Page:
Twitter Facebook Tumblr Pinterest Instagram

« older | Main Largehearted Boy Page | newer »

May 1, 2007


Leslie Feist talks to the Toronto Sun about her new album, The Reminder.

Walk past any newsstand right now, and you'll see the lovely face of the 31-year-old Calgary-raised, Toronto-based singer-songwriter-musician, adorning several magazine covers. Meanwhile, The New York Times put her on the cover of its Arts section a few Sundays ago, proclaiming her Canada's indie-rock girl of the moment.

"Except I'm on a major label," laughs Feist. "I like that I still get to be called indie-rock girl. It's kind of like I did my time or something."

NME previews Perverted By Language, "book of literary works which draw inspiration from The Fall's songs."

The Guardian\ examines the obstacles facing young American playwrights today.

Members of Field Music talk to Popmatters.

Field Music hail from Sunderland, England, which is also home to the Futureheads and Maximo Park. With so much talent emerging from one city at one time, I assume that the industrial city is now enjoying its newfound place on the musical map, but David Brewis says that, despite growing up with people who would eventually form successful bands, “It’s weird when people say Sunderland must have a really great scene, because there’s really a limited number of good musicians and people with good ideas. I mean, really limited. It’s just like weird, personal luck of me, Pete, and Andy meeting someone like Barry [Hyde] from the Futureheads and what we gave to each other. Like, Barry hadn’t been in a band before, and me and Peter, our listening was really limited—we started being in a band before we started listening to music. We needed to open our ears a little bit."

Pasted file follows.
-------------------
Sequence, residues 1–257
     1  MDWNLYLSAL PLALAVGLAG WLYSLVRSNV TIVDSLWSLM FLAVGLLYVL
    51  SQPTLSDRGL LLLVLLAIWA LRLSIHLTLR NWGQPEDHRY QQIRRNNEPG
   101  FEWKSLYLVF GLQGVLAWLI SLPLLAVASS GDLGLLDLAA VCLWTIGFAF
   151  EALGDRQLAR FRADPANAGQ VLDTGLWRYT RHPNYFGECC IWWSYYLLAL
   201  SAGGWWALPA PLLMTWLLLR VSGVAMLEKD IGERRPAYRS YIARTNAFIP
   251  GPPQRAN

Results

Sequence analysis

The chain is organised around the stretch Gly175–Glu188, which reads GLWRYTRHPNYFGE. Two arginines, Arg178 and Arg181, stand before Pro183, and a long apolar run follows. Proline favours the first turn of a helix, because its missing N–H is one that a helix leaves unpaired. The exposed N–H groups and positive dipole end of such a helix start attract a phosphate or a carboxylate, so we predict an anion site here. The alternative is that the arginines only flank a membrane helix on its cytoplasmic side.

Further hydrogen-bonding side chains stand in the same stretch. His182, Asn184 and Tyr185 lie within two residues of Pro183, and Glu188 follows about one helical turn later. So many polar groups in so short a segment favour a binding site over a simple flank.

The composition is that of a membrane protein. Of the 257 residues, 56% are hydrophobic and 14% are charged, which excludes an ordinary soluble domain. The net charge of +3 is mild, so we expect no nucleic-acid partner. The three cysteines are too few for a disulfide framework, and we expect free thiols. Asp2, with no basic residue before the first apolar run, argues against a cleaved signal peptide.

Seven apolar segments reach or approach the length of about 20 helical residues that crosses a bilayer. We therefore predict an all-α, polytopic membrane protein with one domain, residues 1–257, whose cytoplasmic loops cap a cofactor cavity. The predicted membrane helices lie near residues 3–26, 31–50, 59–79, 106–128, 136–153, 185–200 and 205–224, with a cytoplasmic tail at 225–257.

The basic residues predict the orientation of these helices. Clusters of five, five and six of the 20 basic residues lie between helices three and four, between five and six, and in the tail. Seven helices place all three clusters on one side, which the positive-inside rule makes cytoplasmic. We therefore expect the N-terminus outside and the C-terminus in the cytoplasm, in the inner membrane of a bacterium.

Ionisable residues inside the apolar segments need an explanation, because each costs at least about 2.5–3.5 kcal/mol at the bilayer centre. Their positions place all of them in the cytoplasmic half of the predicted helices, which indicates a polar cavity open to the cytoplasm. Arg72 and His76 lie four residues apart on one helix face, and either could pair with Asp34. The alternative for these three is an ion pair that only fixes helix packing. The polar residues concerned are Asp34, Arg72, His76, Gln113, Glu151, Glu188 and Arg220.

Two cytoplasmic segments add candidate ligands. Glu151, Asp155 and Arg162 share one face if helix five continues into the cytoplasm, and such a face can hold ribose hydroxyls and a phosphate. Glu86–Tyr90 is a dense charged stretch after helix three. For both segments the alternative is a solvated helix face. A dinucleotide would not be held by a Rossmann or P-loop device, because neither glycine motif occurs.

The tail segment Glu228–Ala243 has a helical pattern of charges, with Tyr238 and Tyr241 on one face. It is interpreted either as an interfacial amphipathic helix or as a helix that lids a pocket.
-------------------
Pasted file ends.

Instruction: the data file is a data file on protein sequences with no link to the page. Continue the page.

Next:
No Love For Ned has Evil Wiener as an in-studio guest on the streaming radio show.

This week, New York magazine is offering "exclusive comics excerpts" from Brandon Graham's graphic novel, King City.

Blonde Redhead's Kazu Makino discusses several tracks from the band's album, 23, with Harp.

The Christian Science Monitor reviews Michael Chabon's new novel, The Yiddish Policemen's Union.

Echoing Philip Roth's "The Plot Against America," Chabon has taken a potential but unrealized historical twist and fashioned it into an entertaining literary novel, one that asks many pertinent questions and, in its alternate reality, seems a perfect fit for the post-9/11 world.

The Los Angeles Times, USA Today, and New York Times also offer reviews.

The Boston Herald previews the city's Best Music Poll music festival (set for June 6th).

Joining the fun are Kings of Leon, Clap Your Hands Say Yeah, the Bravery, Silversun Pickups, Say Anything, the Cinematics, Shiny Toy Guns, Snowden and four local acts drawn from the winners of the Boston Phoenix and WFNX-FM’s Best Music Poll 2007.

Comics and Anime previews this year's Free Comic Book Day offerings (the event happens Saturday, May 5th).

Birmingham's Through the Sparks is Paste's band of the week.

Dick Hates Your Blog compares the marketing strategies of the two comics heavyweights, DC and Marvel.

At Towerload, Arjan of Arjan Writes shares his Coachella highlights.

Scholastic lists the best new summer books for children.

NPR is streaming last night's Washington performance by Peter Bjorn and John.

The Futurist has in-studio tracks from Hotpipes' WOXY Lounge Act session.

see also:

this week's CD releases


submit to reddit